Ho, Saturn!

The first holidays Without Someone are tricky, with reminders of loss peppering the landscape. Who carves the turkey, if Granddad isn’t here? And Mom can step into Grandmother’s apron when it comes to making pumpkin pies, but what about Great Grandma’s Christmas Pudding? Should we bother with it? After all, nobody really likes it, but it’s such fun to flame it at the table.

Decisions.

So this year we’re not inundated with six dozen kinds of cookies (all of them made “for the postman” of course, although he and the newspaper delivery lady and the UPS guy seem to take up a small part of the mountain) but we will be having Great Grandma’s Christmas Pudding, a steamed wad of carrots, potatoes, and dried fruit that is actually quite tasty when doused with good brandy, set alight (“Ooh, ah!”) and drowned in brandy butter. Although I admit, I didn’t make it in November, as she always did, and I changed the recipe a little (Heresy!)

And because we have a new family member, I have knit my new son-in-law a Christmas stocking. Not, I admit, as fancy as those my mother produced, but the turned heel is even and there’s not a dropped stitch in sight, and I’m telling him that this one’s a trial run, since time was too short for a thousand complicated designs of names and stars and such, carrying threads on the back. Next year, maybe.

So the great ritual of Saturnalia trundles on, with sacrifices and banquets and (don’t you love the nonsense on Wikipedia?)—“the customary greeting for the occasion is a “io, Saturnalia!” — io (pronounced “yo”) being a Latin interjection related to “ho” (as in “Ho, praise to Saturn”)”

There was a full moon shining in my west window this morning, and Friday was the Solstice, and tomorrow is Christmas. We are in the depth of winter, here on the northern hemisphere, but we’re turning our faces back towards spring, and light, and warmth.

Io Io Io, everyone.

Comments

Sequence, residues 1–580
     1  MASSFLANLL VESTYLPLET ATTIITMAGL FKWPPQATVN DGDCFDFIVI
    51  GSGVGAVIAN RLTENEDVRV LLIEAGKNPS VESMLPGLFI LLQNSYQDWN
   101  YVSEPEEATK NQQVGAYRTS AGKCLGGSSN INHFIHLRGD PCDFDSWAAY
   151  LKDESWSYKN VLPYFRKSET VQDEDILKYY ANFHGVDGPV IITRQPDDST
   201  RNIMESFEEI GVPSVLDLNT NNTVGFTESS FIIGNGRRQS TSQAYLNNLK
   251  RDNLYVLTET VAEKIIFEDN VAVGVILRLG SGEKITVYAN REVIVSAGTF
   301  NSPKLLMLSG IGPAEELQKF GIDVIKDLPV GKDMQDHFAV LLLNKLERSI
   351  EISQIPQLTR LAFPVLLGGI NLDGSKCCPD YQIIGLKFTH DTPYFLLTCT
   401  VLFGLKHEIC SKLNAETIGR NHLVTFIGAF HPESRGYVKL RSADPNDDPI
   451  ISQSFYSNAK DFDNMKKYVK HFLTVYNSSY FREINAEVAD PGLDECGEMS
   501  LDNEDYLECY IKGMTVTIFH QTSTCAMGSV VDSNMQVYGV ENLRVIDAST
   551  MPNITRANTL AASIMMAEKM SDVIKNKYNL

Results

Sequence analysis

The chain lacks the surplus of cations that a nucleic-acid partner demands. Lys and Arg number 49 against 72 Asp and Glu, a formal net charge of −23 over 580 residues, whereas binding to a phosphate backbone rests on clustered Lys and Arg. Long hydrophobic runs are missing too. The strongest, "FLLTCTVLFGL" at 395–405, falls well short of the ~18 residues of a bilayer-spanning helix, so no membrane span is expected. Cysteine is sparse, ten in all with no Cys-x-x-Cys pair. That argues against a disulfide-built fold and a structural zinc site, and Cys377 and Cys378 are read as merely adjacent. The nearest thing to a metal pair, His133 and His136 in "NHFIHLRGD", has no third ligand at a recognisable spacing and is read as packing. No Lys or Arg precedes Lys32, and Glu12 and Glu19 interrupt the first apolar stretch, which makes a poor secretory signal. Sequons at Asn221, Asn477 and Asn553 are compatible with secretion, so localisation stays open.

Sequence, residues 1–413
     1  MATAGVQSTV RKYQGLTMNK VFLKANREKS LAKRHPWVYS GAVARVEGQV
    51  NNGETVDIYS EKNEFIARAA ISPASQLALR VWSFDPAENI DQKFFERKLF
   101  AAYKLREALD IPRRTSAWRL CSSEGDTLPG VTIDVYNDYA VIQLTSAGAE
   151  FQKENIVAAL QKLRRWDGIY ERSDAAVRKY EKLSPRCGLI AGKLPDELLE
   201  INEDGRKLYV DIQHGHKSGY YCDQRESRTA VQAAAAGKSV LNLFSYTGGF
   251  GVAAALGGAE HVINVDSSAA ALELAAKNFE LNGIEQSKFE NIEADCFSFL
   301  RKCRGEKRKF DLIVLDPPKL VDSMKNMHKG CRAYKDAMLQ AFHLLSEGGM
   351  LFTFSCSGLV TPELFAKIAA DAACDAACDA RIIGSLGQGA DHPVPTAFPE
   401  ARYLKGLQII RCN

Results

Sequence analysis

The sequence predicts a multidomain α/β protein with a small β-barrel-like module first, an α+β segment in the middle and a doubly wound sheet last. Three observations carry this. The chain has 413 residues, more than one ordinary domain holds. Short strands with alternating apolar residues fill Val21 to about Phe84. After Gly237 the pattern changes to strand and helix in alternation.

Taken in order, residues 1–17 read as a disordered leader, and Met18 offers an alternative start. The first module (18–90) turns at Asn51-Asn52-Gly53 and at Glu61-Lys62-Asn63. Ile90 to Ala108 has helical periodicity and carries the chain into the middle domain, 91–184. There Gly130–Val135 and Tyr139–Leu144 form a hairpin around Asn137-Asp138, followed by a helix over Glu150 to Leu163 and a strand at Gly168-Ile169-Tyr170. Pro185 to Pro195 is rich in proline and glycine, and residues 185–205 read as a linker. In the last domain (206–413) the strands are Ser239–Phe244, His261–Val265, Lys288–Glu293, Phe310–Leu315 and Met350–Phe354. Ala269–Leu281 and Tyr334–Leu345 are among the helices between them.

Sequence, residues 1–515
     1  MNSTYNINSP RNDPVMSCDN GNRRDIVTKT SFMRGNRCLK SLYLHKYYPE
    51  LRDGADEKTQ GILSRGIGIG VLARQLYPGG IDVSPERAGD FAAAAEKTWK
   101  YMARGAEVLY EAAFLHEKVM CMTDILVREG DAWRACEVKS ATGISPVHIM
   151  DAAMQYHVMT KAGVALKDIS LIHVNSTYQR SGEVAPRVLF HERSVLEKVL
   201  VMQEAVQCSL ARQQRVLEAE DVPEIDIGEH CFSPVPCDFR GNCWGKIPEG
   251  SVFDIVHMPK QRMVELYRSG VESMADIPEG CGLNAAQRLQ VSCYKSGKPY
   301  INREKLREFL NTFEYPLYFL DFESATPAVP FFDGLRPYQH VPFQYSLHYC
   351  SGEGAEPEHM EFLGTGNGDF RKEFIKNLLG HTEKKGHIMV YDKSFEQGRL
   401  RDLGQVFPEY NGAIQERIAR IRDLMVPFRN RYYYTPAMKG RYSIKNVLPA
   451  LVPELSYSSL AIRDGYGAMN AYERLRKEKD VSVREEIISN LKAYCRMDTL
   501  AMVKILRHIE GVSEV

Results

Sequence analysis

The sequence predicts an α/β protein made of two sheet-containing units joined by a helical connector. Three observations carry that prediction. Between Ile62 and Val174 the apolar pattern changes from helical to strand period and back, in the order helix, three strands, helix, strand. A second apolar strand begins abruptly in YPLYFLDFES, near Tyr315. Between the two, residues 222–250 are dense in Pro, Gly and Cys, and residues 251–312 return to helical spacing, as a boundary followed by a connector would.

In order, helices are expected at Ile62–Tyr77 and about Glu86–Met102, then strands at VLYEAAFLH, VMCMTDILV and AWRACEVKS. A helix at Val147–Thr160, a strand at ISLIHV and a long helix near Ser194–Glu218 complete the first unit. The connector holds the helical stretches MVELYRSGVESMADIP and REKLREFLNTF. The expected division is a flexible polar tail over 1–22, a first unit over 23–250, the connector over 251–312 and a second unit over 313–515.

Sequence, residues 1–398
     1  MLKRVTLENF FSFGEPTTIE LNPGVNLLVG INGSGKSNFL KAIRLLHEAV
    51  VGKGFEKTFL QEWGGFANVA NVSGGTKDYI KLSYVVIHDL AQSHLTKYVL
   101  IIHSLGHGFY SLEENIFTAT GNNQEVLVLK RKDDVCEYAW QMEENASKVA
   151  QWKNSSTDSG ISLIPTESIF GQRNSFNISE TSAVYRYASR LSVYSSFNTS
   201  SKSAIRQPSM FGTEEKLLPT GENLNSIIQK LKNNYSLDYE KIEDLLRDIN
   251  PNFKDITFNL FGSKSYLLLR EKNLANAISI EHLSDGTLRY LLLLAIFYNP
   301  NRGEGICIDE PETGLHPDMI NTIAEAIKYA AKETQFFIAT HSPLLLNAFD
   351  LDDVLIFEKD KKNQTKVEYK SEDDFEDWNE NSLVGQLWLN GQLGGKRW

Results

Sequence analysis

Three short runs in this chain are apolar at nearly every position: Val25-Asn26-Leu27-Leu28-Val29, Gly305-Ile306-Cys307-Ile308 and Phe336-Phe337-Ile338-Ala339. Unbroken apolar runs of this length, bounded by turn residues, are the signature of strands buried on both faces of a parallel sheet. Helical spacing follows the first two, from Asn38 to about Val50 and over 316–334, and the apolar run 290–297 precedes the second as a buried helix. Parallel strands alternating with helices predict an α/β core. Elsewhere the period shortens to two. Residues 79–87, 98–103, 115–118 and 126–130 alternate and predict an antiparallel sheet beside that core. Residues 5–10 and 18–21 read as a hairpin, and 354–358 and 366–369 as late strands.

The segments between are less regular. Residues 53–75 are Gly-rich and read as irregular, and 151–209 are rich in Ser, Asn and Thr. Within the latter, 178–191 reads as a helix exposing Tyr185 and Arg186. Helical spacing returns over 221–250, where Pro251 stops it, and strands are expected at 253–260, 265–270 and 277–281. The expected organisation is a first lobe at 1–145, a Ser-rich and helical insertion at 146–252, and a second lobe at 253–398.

1. Phil the Badger says:

    If you’re into knitting socks, have you discovered the Tsock Tsarina?

    If not. go immediately to http://www.tsocktsarina.com.

    It’s also worthwhile going from there to her blog (tsarina says) and you’ll get particular kick out of going to her archives for the development of her “Nine Tailors” design,

    A Merry Christmas to one and all

  2. In my ‘gardener’s mind..Dec 26th..is the first day of Spring. I see daffs nudging their way out of the ground and if we have had enough rain the Narcissus are blooming. Not this year tho. So my first day of spring mind set helps with the after Christmas blues. Pansies are blooming through the winter and Sweet Peas are 5 inches tall in my climate. I hope the rest of you gardeners can enjoy your winter landscapes and know the promise of Spring is brewing ever so slightly beneath the icy soil. Thanks Laurie, looking forward to Touchstone.

  3. I hope you and your family have a wonderful Christmas!

  4. Warm wishes for all the best to you and yours!

  5. Developing new traditions is hard, indeed, but it sounds like you’ve found some lovely ones. Io to you, too, and thanks for the gift of Touchstone with which to enjoy a blustery day-after-Saturnalia.

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